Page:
Part Two to My Approach to Collecting: Personal Criteria

I drew it from diligently studying my behaviour around art appreciation. I narrowed down to the below, which is my standard nowadays to lead decisions for the Collection:   

  • Think genuinely, think sincerely. The process starts within one. This may be tricky for some, but is possible. Measuring artworks by only commonly accepted standards such as money or hype is a trap. One may end disliking the work after a while because there was never a personal connection between it and one.  That results in rushing to re-sale, often at a loss. The market is a predatory animal and can smell one’s fears and insecurities.

  • Value the cultural, historical and, or nostalgic significance of the work as well. This relates to what is often described as the academic value of a piece. Street art and graffiti for example has had invaluable cultural impact since the 80s. China’s cynical realism, also referred as political pop, was coined after a wave of post 80s artists aesthetically expressed freely in ways once unthinkable in China. Today’s millenials are now collecting sneakers, bags and even old phones, because they value its aesthetics, as well as its rarity, scarcity and, or nostalgic relevance to a former time. Research is consequently important. We live through time, thus shaped by it.

  • Be attentive.  Read, talk and investigate. Correlate historical, social and market trends with personal interest. Listen well to what others have to say. Be equally attentive to perspectives and insights, as well as to reasons for disinterest or indifference. Art research is therapy for soul searching.     

  • Seek reassurance. One may come across with friends, advisors and galleries that hawkishly persuade one onto works – and often for distracting reasons such value (it’s expensive so it’s worth buying), or hype (because the artists is famous elsewhere, etc). Tame your impulses by taking time off to research works and artists. Unsure people fall for nothing – and savvy salespersons know that very well. Value what you sincerely like and acquire what you can honestly afford. That’s the best defense against persuasion.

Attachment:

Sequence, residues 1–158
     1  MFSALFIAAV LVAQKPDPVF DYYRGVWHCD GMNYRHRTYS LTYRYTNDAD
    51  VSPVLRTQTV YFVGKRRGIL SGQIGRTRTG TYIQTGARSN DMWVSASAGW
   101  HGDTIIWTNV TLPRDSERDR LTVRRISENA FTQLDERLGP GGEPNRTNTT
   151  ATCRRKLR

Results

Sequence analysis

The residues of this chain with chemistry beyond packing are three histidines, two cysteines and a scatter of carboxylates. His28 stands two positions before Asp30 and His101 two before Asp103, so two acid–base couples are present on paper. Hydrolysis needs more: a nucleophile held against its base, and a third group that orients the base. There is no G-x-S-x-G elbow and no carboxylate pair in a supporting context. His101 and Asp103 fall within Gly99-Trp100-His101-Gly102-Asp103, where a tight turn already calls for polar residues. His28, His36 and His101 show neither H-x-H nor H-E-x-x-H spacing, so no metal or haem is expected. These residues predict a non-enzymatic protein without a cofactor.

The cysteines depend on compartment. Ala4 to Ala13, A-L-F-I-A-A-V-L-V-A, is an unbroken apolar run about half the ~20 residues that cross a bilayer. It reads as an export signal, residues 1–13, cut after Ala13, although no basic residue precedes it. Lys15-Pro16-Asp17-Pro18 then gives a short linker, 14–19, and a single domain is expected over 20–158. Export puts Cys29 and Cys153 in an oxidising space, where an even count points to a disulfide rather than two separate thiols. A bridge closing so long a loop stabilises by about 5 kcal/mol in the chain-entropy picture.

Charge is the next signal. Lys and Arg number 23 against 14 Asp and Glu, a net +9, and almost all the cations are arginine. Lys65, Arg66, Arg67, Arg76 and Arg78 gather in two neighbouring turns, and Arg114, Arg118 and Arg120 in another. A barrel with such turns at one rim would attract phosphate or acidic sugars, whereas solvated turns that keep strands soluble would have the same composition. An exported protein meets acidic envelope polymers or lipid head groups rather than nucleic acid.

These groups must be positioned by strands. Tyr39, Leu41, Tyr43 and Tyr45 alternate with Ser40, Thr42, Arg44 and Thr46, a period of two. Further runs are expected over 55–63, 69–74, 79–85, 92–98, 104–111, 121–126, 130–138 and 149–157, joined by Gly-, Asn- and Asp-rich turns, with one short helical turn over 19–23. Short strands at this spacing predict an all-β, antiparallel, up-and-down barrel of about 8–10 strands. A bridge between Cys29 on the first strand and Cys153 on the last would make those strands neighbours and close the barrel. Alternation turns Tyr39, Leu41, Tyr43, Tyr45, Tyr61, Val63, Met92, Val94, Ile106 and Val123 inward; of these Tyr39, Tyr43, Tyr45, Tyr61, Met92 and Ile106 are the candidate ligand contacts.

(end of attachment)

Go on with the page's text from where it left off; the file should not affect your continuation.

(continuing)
Money is an irrelevant criterion in my opinion.  Works need be relatable for any to invest in it. Money is thus nominal and limited to serve as the mean of exchange between artists and collectors. To me, money is, simply, an inflection point collectors leverage on when appreciating the craft of an artists. The great the appreciation, the greater the willingness to pay for it. The worth of any work comes from its substance, not from its price tag. Money without meaning cannot build anything long-lasting.  

And finally, be honest and invest in valuable relationships.  Art is a peoples’ business, deeply en-rooted in intimate, sensitive perceptions and interests. Work with people you learn to trust and respect. Ignore those that intentionally persuade themselves through. Unworthy relationships equally add no value in the long run.